This dissertation argues for the inclusion of Radical Reformation Theology into the
discussion of contemporary biomedical ethics. Historically, Anabaptist/Mennonite theology
has not had a place in the development of biomedical ethics. Catholic moral theology and
various definitions of Protestant theological ethics have shaped the field of biomedical ethics
alongside several important philosophical theories. A combination of such theological and
philosophical theories of biomedical ethics has been the result of the Belmont Report and has
later been expanded into The Four Principles of Biomedical Ethics with its focus on
autonomy, beneficence, maleficence, and justice.
However, the empirical research among Anabaptist/Mennonite physicians shows
that such theories do not make adequate reference to Anabaptist/Mennonite theology and
ethics and its approach to agent-based virtue ethics. This theology emphasises servanthood
as the model for the physician, peace and non-violent justice as the modus operandi for this
servanthood model, and community as the sustaining and sending forum for such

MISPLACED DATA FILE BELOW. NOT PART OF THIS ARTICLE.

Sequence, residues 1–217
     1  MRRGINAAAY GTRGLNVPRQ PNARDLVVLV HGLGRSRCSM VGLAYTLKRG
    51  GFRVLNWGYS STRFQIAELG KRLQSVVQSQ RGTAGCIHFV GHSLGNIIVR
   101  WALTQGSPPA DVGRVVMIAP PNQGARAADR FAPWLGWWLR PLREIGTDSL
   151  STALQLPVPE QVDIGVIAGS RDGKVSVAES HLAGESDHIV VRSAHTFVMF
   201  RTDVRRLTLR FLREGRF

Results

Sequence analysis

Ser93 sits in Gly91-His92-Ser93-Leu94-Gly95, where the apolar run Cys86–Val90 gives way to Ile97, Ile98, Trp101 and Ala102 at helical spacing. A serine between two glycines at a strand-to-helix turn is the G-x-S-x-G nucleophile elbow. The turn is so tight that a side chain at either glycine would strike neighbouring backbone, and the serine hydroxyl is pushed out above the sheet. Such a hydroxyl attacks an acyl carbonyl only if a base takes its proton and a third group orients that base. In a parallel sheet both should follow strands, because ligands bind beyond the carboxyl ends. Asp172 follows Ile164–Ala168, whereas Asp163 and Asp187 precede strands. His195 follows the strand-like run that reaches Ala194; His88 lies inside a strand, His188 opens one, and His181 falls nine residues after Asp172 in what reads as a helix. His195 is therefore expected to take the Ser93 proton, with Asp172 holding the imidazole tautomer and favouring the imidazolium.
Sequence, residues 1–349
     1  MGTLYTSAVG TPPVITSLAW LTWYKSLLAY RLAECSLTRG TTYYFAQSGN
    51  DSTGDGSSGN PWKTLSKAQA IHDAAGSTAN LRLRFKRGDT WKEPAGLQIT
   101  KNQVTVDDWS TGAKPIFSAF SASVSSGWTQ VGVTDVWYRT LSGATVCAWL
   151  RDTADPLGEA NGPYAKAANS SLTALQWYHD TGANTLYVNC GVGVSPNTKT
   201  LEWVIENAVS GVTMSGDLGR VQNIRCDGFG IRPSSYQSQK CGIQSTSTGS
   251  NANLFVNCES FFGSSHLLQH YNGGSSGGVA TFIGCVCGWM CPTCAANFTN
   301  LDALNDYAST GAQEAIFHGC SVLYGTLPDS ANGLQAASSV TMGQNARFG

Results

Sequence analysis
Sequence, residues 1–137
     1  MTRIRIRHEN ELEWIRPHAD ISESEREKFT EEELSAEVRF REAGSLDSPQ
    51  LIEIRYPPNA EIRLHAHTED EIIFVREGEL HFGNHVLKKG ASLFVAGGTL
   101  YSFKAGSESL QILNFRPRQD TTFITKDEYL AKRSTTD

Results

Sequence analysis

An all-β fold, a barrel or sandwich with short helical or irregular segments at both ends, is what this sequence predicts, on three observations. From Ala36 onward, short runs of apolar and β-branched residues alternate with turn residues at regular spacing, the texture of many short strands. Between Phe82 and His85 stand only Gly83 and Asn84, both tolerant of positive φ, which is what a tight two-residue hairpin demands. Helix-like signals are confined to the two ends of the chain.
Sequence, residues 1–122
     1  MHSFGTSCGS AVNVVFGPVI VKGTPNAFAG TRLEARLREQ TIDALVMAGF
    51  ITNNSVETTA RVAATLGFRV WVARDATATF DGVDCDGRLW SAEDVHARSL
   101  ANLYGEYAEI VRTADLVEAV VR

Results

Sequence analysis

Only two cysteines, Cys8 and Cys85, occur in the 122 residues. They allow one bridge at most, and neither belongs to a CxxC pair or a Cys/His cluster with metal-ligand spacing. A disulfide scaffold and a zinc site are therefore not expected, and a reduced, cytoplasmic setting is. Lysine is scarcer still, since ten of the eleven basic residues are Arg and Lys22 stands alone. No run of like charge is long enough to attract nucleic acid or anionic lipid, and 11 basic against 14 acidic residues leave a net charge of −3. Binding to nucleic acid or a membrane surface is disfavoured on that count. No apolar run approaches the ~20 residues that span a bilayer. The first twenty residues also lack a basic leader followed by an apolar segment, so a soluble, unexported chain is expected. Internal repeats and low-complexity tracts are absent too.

servanthood. If these perspectives were included in the contemporary discussion of
biomedical ethics, the virtuous agent would be enabled to embody a reconciling relationship the physician with the patient and vice versa. In Anabaptist/Mennonite theology, agency
formation has high priority and happens through the model of observation-participation embodiment. Theology is therefore observed, participated in, and embodied by the
individual agent within the setting of community.
Such an agent-focused approach that seeks consensus in biomedical ethics would
help to balance a principled approach that seeks to find the lowest common denominator.
This agent-based approach could also aid in the process of uncovering the blind spots of
contemporary biomedical ethics such as injustices in health care access and resource
allocation, discriminatory policy-making, and the favouring of a largely utilitarian-deontological pragmatism in biomedical ethics.
The voice of Anabaptist/Mennonite theology is comparatively young, and barely
experienced enough, to be heard loudly. However, the adolescent voice of this theology of
embodiment may have broken, and a sustainable vision for an Anabaptist/Mennonite
biomedical ethics might hopefully be found in the pages of this research.